Lantern-Land to Larks

Lantern-Land The land of literary charlatans, whose inhabitants are graduates in arts, doctors, professors, prelates, and so on. (Rabelais: Pantagruel, v. 33.) (See City Of Lanterns )

Lanterns Authors, literary men, and other inmates of Lantern-land (q.v.). Rabelais so calls the prelates and divines of the Council of Trent, who wasted the time in great displays of learning, to little profit; hence “lanternise” (q.v.).

Lanternise Spending one's time in learned trifles; darkening counsel by words; mystifying the more by attempting to unravel mysteries; putting truths into a lantern through which, at best, we see but darkly. When monks bring their hoods over their faces “to meditate,” they are said by the French to lanternise, because they look like the tops of lanterns; but the result of their meditations is that of a “brown study,” or “fog of sleepy thought.” (See above.)

Laocoon [La-ok'-o-on ]. A son of Priam, famous for the tragic fate of himself and his two sons, who were crushed to death by serpents. The group representing these three in their death agony, now in the Vatican, was discovered in 1506, on the Esquiline Hill (Rome). It is a single block of marble, and was the work of Agesander of Rhodes and two other sculptors. Thomson has described the group in his Liberty, pt. iv. (Virgil Æneid, ii. 40 etc., 212 etc.)

“The miserable sire,
Wrapped with his sons in Fate's severest grasp”.
Laodami'a The wife of Protesilaos, who was slain before Troy. She begged to be allowed to converse with her dead husband for only three hours, and her request was granted; when the respite was over, she accompanied the dead hero to the shades of death. Wordsworth has a poem on the subject.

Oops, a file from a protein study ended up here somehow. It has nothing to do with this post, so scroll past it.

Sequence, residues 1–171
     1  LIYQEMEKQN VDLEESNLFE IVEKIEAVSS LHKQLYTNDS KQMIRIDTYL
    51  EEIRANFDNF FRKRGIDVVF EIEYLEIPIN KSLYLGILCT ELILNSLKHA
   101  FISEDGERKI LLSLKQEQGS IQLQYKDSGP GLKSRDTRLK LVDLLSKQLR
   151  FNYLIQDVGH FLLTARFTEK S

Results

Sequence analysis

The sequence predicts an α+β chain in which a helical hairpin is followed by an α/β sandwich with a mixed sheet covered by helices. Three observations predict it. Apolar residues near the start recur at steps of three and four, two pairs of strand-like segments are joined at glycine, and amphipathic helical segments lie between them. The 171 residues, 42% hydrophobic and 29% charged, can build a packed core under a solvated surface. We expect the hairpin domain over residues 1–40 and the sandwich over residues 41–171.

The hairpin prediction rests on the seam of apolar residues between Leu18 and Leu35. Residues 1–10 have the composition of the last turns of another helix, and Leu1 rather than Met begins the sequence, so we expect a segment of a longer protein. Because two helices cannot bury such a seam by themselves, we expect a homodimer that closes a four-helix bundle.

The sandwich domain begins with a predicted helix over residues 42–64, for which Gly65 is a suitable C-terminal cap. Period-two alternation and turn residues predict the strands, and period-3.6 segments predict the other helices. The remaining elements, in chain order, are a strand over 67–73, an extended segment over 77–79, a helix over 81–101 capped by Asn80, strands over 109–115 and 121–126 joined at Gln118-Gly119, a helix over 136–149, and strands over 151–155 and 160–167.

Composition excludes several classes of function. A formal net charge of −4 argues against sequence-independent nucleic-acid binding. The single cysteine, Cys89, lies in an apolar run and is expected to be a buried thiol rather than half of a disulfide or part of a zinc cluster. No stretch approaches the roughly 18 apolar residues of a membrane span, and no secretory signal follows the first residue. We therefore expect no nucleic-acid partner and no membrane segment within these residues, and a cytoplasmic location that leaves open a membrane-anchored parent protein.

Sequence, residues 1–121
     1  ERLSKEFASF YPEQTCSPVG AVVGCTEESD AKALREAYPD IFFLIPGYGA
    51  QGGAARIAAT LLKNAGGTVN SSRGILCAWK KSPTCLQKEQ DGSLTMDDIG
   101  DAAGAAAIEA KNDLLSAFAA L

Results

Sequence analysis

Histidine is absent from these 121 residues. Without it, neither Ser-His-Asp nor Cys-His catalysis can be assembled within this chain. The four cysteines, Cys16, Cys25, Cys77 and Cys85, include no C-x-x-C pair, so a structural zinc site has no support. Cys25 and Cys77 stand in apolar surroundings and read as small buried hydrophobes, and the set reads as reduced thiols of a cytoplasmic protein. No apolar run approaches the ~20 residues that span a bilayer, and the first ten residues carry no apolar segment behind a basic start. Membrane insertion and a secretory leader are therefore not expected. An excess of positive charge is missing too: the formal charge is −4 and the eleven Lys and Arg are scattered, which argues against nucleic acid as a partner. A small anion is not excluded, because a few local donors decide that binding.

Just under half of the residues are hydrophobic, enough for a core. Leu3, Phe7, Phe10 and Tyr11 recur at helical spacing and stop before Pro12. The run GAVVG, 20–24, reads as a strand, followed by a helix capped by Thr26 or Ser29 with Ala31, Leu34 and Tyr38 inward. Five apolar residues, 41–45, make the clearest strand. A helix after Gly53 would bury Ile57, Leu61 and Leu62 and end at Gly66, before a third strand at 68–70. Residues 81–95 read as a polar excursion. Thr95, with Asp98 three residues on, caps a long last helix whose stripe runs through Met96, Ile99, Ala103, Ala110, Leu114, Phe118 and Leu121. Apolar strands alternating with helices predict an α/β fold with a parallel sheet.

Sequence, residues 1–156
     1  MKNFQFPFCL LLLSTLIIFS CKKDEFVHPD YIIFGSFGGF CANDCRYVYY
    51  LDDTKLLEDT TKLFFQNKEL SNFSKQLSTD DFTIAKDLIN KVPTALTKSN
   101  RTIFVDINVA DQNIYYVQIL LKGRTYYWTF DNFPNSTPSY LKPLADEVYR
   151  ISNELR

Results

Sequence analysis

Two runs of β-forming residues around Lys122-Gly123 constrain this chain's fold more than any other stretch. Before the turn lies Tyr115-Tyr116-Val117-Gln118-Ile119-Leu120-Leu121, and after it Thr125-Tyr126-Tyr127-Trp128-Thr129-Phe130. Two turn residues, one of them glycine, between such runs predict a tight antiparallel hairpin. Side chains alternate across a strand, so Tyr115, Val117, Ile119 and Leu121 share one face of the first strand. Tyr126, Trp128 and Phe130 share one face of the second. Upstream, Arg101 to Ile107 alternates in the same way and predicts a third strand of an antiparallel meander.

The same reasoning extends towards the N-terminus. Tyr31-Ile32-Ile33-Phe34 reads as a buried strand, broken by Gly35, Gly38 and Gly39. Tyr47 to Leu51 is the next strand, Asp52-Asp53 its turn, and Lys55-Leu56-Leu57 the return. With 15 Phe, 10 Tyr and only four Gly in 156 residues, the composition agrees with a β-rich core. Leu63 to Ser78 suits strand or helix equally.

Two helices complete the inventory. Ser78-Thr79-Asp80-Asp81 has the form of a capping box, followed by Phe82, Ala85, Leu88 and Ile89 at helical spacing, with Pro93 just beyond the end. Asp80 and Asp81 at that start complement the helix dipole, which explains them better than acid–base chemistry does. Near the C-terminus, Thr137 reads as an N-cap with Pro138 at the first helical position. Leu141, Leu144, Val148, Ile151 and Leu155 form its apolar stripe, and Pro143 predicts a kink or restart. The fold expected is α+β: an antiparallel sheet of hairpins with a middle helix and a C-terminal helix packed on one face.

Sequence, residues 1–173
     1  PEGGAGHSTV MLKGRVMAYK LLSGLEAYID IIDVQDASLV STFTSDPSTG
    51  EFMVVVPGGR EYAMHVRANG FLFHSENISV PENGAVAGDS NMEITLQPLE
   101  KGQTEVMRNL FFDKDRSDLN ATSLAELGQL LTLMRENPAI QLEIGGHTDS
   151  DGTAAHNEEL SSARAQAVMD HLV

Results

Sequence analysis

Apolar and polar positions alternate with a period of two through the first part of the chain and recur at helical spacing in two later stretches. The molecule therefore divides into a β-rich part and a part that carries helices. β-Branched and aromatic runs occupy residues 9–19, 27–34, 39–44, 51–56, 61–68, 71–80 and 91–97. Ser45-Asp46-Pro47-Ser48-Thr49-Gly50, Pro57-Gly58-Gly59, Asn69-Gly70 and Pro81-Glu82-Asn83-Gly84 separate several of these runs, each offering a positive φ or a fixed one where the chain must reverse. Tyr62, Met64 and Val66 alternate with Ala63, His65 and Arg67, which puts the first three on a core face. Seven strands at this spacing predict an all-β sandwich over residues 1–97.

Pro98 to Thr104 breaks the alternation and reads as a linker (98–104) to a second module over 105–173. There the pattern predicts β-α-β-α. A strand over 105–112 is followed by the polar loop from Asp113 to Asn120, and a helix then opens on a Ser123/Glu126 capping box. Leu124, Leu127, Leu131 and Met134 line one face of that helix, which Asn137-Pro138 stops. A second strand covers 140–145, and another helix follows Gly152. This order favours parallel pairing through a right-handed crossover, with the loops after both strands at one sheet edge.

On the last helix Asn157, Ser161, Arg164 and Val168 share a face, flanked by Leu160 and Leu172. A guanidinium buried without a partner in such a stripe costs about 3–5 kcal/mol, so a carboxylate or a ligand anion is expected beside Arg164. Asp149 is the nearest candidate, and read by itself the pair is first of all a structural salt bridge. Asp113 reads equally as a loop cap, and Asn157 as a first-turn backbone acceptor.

Laodicean One indifferent to religion, caring little or nothing about the matter, like the Christians of that church, mentioned in the Book of Revelation (chapter iii. 14-18).

Lapet (Mons.). The beau-ideal of poltroonery. He would think the world out of joint if no one gave him a tweak of the nose or lug of the ear. (Beaumont and Fletcher: Nice Valor, or the Passionate Madman.)
   Mons Lapet was the author of a book on the punctilios of duelling.

Lapithæ A people of Thessaly, noted for their defeat of the Centaurs. The subject of this contest was represented on the Parthenon, the Theseum at Athens, the Temple of Apollo at Basso, and on numberless vases. Raphael painted a picture of the same subject. (Classic mythology.)

Lapping Water When Gideon's army was too numerous, the men were taken to a stream to drink, and 300 of them lapped water with their tongue; all the rest supped it up (Judges. vii. 4-7). All carnivorous animals lap water like dogs, all herbivorous animals suck it up like horses. The presumption is that the lappers of water partook of the carnivorous character, and were more fit for military exploits. No doubt those who fell on their knees to drink exposed themselves to danger far more than those who stood on their feet and lapped water from their hands.

Laprel The rabbit, in the tale of Reynard the Fox. (French, lapin, rabbit.)

Lapsus Linguæ (Latin). A slip of the tongue, a mistake in uttering a word, an imprudent word inadvertently spoken.
   We have also adopted the Latin phrases lapsus calami (a slip of the pen), and lapsus memoriæ (a slip of the memory).

Laputa The flying island inhabited by scientific quacks, and visited by Gulliver in his “travels.” These dreamy philosophers were so absorbed in their speculations that they employed attendants called “flappers,” to flap them on the mouth and ears with a blown bladder when their attention was to be called off from “high things” to vulgar mundane matters. (Swift.)

“Realising in a manner the dreams of Laputa and endeavouring to extract sunbeams from cucumbers.”- De Quincy.
Lapwing (The). Shakespeare refers to two peculiarities of this bird; (1) to allure persons

  By PanEris using Melati.

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